WIT Press


Optimal Design Of Fibre Reinforced Tubular Structures

Price

Free (open access)

Paper DOI

10.2495/HPSM060581

Volume

85

Pages

12

Published

2006

Size

525 kb

Author(s)

H. Martikka & E. Taitokari

Abstract

The main purpose of this study is to present results of the design and damage analysis of industrial vessel shell microstructures made of fibre reinforced plastic laminates and subject to mechanical and aggressive chemical loads due to sulphuric and hydrochloric acids and high temperatures. Methods to obtain optimal performance microstructure are use of balanced and symmetric laminate layering with optimal fibre strengthening directions and volume fractions. Optimal selection of chemically resistant fibres and matrix is essential for endurance. Use of thick enough walls is cost-effective for vessel bottoms. Two vessel winding manufacturing technologies are compared for optimal selection. Keywords: composite materials and structures, optimal design, stress corrosion cracking. 1 Introduction Composites used for structural engineering are commonly formed from five commonest material groups, metals, ceramics, glasses, elastomers and polymers. Design rules and codes are based continuum models. Another trend is to use more microscopic modelling. Useful information of composite design is presented by Agarwal and Broutman [1] and Barbero [2]. Chemical resistances are studied by Aveston and Sillwood [3] and, Kawada and Srivastava [4]. In aggressive enough loadings all material alternatives and combinations suffer accumulation of damage. Typical damage events are stress corrosion wearing of outer surface, fracture of fibres and degradation of matrix. The main purpose of this study is to present results of design and damage study analysis of industrial vessel walls.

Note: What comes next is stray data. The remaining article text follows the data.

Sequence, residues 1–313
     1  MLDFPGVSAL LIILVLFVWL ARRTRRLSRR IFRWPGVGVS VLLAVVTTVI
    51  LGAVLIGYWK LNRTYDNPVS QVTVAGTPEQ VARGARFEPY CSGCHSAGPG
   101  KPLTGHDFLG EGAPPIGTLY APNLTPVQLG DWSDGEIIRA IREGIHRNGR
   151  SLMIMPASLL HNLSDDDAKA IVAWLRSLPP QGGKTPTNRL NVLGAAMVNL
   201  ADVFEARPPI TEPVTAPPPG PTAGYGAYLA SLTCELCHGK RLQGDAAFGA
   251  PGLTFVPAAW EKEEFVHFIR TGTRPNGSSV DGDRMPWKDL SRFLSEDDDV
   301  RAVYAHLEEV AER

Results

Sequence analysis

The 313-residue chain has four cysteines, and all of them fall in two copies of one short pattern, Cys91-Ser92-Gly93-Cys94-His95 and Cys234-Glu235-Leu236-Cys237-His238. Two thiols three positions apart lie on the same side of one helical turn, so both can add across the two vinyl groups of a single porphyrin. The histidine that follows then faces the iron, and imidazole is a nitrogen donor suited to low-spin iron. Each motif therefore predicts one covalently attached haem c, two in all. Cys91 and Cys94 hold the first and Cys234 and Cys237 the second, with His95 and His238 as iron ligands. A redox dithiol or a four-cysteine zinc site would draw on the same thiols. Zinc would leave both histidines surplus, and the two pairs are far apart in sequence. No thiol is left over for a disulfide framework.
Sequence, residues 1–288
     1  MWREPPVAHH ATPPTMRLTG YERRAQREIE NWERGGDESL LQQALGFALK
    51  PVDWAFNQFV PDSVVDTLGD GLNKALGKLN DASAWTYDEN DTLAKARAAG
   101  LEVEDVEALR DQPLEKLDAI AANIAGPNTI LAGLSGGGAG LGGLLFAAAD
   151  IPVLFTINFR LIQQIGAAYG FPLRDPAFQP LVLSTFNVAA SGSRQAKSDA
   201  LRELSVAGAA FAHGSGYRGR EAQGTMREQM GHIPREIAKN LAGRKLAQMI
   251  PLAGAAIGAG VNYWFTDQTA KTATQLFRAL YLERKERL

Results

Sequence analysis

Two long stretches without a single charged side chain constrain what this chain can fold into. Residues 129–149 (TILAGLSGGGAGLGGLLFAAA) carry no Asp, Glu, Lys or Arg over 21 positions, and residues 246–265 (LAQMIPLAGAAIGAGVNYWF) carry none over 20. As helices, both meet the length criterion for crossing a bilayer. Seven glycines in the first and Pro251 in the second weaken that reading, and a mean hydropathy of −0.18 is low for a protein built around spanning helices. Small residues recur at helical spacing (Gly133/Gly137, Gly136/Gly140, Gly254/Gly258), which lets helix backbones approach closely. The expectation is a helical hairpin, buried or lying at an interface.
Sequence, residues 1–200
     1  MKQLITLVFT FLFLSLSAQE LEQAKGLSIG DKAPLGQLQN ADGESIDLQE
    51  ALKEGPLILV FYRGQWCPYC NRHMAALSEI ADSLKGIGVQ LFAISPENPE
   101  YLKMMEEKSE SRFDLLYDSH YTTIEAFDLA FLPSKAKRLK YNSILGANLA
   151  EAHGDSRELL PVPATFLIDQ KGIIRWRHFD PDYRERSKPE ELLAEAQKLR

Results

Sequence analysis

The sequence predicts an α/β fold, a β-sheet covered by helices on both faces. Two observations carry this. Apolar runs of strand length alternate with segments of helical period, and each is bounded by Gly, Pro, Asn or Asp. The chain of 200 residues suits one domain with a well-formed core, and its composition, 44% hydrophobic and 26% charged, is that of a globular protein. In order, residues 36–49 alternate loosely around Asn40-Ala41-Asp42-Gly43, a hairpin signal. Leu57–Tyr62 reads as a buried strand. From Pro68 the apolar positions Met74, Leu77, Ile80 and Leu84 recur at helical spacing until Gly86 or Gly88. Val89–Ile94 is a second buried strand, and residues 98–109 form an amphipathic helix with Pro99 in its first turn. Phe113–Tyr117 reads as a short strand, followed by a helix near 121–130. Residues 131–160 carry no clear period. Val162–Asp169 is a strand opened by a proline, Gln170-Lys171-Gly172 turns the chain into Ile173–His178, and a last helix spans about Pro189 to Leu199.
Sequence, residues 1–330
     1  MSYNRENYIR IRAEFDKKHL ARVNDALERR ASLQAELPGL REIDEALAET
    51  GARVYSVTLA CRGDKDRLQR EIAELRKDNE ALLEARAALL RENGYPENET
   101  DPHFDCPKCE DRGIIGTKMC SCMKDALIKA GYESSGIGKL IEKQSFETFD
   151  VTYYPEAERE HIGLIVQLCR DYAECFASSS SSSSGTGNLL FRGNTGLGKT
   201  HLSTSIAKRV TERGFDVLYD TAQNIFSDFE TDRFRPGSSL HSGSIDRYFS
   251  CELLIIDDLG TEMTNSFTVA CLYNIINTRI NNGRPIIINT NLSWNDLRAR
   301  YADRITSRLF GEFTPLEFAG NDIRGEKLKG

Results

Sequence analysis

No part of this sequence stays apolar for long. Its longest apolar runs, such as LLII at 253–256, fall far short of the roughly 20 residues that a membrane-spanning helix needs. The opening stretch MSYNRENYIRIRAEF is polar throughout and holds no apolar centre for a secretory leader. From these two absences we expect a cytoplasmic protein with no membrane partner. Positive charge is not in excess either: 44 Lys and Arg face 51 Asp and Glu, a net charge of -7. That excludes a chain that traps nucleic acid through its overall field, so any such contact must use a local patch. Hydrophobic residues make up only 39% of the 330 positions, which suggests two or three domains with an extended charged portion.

Keywords

composite materials and structures, optimal design, stress corrosion cracking.